Researchers weigh in on Trump’s $500 million plan to share childhood cancer data

Pooling data on childhood cancer patients could lead to better treatments.

Washington, D.C.—Each year, the parents of 16,000 children in the United States will get the devastating news that their child has cancer. Not all of those children will survive, and the ones who do often suffer serious side effects later on from treatments. What if every piece of data on these patients—from their birth records to genetic tests on their tumors, the drugs they receive, and their subsequent health records—went into a single secure database that researchers could mine to improve pediatric cancer care?

That was one big idea that emerged from a 3-day meeting here last week, where some 200 researchers and patient advocates met to brainstorm about President Donald Trump’s proposal, included in his January State of the Union address, to spend $500 million over 10 years on childhood cancer research. The Childhood Cancer Data Initiative (CCDI), as the National Cancer Institute (NCI) has dubbed it, could have many payoffs, such as devising less harsh treatments and figuring out why 10% of childhood leukemia patients don’t respond to treatments or relapse, said NCI acting director Doug Lowy. And for very rare cancers with no treatments, pooling such data on cases is essential for researchers to draw firm conclusions. But if sharing data “were easy, we would have already done it,” Lowy said.

The problem is that data on children and young adults with cancer are stored in myriad separate, incompatible databases—including state cancer registries, tumor sequencing projects for specific cancers, and the giant NCI Children’s Oncology Group (COG), which runs clinical trials. Other valuable data take effort to use: a patient’s medical records, for example, often must be typed into a database by hand, a time-consuming chore. And imaging data need to be annotated to be useful for analyses across many patients.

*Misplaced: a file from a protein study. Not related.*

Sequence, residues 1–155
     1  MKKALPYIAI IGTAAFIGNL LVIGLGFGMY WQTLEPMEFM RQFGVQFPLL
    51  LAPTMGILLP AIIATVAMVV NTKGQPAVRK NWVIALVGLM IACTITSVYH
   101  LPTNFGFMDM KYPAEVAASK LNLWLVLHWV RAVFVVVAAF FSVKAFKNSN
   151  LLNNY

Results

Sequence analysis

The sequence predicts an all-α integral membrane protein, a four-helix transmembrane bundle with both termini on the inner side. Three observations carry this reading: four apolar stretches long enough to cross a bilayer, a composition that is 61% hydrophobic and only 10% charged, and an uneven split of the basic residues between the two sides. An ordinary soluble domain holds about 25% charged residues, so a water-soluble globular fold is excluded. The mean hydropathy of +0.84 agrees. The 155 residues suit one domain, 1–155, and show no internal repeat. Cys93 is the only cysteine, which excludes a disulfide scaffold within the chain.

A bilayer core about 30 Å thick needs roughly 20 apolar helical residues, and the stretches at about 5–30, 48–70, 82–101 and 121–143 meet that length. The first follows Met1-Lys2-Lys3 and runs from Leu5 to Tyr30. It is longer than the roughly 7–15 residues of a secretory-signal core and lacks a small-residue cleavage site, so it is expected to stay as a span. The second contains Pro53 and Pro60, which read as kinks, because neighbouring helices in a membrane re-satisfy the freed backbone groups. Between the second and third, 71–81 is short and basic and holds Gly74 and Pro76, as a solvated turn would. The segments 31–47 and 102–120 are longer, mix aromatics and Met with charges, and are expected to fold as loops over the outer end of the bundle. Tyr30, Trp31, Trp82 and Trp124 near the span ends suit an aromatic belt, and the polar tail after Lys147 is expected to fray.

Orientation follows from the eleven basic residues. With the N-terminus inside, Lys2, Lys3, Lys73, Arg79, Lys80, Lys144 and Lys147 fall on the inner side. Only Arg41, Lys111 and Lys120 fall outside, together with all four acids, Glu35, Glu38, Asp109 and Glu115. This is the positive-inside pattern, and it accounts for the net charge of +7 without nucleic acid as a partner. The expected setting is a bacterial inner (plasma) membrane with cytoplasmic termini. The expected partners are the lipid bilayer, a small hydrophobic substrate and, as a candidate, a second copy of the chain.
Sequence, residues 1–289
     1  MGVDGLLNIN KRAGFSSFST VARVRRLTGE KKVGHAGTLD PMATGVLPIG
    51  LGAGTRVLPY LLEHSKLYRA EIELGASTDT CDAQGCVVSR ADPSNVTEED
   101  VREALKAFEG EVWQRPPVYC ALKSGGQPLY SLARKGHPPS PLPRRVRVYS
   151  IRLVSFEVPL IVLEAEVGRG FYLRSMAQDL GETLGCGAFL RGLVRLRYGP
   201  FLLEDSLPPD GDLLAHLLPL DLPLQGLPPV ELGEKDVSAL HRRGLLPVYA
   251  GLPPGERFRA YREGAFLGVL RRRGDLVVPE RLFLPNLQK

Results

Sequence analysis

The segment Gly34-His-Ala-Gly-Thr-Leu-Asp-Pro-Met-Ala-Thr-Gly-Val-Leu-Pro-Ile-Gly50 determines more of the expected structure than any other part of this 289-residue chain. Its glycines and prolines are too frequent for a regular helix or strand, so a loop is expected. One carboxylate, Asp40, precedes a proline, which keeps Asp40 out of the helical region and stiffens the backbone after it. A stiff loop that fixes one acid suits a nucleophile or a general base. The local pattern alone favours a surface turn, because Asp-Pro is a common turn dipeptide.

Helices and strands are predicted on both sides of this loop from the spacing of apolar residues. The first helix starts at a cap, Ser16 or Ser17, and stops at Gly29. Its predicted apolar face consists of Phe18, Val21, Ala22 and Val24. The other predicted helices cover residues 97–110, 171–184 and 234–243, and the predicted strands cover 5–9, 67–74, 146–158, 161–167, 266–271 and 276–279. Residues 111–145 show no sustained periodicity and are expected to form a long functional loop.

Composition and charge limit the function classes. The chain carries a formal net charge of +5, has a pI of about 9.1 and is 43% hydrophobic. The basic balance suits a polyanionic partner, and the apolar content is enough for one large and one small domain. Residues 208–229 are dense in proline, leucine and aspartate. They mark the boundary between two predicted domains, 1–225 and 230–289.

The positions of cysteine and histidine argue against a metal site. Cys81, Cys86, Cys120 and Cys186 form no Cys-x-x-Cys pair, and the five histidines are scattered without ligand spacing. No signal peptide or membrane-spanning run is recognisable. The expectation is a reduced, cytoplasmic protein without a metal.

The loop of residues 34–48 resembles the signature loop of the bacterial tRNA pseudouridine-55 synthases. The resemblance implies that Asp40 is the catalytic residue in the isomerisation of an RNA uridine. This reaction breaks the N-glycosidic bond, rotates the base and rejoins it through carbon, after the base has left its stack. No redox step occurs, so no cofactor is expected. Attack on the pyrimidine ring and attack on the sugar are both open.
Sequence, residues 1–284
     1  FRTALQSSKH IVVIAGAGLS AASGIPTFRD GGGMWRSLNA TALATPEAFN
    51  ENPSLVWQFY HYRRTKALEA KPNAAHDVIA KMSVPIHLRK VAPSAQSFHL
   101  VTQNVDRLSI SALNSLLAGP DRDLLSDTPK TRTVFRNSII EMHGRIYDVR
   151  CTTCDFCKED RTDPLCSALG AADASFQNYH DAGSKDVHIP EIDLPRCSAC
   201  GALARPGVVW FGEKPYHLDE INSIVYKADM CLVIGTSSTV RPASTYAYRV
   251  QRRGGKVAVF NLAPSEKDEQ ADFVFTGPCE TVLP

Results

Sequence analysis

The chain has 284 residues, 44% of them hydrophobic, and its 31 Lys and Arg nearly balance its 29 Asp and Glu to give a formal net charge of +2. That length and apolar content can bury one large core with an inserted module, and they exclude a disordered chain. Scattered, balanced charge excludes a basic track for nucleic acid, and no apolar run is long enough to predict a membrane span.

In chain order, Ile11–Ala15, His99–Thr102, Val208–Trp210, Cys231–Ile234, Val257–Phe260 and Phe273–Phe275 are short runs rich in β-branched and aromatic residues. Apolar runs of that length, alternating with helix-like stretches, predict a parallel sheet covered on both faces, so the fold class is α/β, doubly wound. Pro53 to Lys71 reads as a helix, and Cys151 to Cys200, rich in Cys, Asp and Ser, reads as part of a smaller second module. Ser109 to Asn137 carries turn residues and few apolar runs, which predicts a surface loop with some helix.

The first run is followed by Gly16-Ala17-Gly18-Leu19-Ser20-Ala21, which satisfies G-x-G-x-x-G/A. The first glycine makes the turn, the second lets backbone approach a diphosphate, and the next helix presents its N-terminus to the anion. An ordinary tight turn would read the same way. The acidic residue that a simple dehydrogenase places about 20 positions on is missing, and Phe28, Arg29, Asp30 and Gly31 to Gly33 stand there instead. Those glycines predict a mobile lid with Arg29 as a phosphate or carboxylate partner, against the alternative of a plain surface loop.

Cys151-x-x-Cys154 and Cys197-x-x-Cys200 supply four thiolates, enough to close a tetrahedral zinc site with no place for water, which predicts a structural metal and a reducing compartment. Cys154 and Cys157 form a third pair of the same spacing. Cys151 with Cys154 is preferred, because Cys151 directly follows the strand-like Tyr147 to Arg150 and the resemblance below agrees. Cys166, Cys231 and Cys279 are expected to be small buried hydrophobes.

NCI will also need to decide how much effort should go to gathering new data, such as genetic tests on existing tumor samples, said cancer geneticist Elaine Mardis of Nationwide Children’s Hospital in Columbus.

Researchers who met in working groups agreed that, to get started, NCI first needs to inventory the existing databases and biospecimen repositories. Another suggestion for the short-term was to spend 1 year figuring out how to make the five largest existing pediatric cancer resources operate as a single database. Others urged NCI to explore using patient identification numbers to make it possible to link a child’s records in different databases. Another team suggested creating a resource like the federal trials database,, for the animal studies that form the basis for cancer trials (with the proposed name:

Then there was “the boldest” idea, said NCI cancer geneticist Stephen Chanock: Enroll every single cancer patient into a long-term cohort study “so that we don’t magnify the problems that we’ve seen.” But some participants warned against reinventing the wheel. Peter Adamson of the Children’s Hospital of Philadelphia in Pennsylvania, who is also chairman of COG, which treats 90% of U.S. childhood cancer patients, noted that its Project: EveryChild already holds data for 19,000 patients. “Some of the ideas being presented here could leverage some of the existing infrastructure,” Adamson said.

Earlier this year, some experts also worried about overspending on data sharing when there are other urgent needs, such as basic studies of genes that cause pediatric cancers. But data sharing is just the starting point for the CCDI, Lowy told ScienceInsider after last week’s meeting. “It’s important to have something specific, large and new to initiate this program,” he says. As the data generate new ideas, “over time, it can morph as appropriate” and fund other areas.

NCI now plans to gather more ideas and generate a summary of the meeting. One uncertainty is whether Congress will appropriate the $50 million that Trump requested as a down payment for the CCDI in 2020. The funds are included in a House of Representatives spending bill, but the Senate hasn’t introduced its version of the bill yet. Lowy says that even without funding, the CCDI “will continue to go forward, but … the progress is going to of necessity be slower.”